In my last post I described how I had discovered the remains of a defunct development known as the ‘Arabian Canal’ in the desert some 30km outside Dubai. This time I’m featuring one of these remaining waterways which is still, mysteriously, flooded, despite having been abandoned some 4 years ago.
I can only speculate about the science that keeps the excavation full of water, but presumably it has breached the local water table or a desert aquifer. Whether this aquifer can sustain a supply of water to the excavation indefinitely, or evaporation from the lake will eventually deplete the aquifer, I can also only guess.
While visiting this spot I sighted Red Fox and Mountain Gazelle, as well as a number of bird and reptile species. As typically happens in the desert around Dubai, when an area is fenced off and protected from ‘dune bashers’ the wildlife rapidly recovers, even without a limitless water supply as in this instance.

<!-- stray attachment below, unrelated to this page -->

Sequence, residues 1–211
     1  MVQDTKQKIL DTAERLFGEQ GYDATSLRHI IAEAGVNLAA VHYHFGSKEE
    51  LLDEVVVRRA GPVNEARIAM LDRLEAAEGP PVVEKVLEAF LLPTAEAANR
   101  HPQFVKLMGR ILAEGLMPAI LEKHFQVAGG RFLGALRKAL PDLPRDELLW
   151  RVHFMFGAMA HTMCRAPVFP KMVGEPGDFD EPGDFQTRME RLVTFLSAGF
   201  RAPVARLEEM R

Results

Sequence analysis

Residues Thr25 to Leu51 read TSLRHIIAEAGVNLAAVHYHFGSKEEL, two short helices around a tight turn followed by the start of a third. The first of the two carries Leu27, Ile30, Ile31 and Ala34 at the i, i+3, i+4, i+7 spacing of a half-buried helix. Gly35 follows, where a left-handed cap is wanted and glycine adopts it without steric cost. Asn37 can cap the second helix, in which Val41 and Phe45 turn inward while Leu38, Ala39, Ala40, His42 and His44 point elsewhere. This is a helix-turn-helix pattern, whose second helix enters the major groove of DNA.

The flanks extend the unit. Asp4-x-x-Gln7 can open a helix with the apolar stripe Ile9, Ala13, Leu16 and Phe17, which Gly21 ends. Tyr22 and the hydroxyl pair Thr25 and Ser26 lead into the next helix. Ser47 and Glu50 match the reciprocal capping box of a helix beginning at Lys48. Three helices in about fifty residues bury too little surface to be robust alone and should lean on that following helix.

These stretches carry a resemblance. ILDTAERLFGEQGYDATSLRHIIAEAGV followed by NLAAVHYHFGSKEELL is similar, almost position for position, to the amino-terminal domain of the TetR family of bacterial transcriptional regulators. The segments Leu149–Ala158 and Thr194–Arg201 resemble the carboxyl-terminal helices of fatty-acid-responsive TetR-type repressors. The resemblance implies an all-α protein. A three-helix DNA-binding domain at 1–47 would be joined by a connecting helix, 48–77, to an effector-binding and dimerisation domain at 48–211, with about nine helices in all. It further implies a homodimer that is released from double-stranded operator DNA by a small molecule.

Considering Dubai’s recent economic recovery and renewed commitment to exponential growth as it’s business model we begin to wonder which of it’s defunct developments may be restarted. Personally, I hope this particular one remains as an abandoned desert lake and is allowed to continue to become an oasis for wildlife. Assuming it stays wet!
You can see this lake on Google Earth at 24°50’33.92″N 55°10’24.25″E
Note from the editor: this photograph is part of a series called “Consumption” that seeks to document consumerism’s impact on the environment. From resource extraction and commodity production all the way down the supply chain to retail stores and waste processing facilities, Richard artfully examines what nature has come to mean in a world that depends on buying stuff.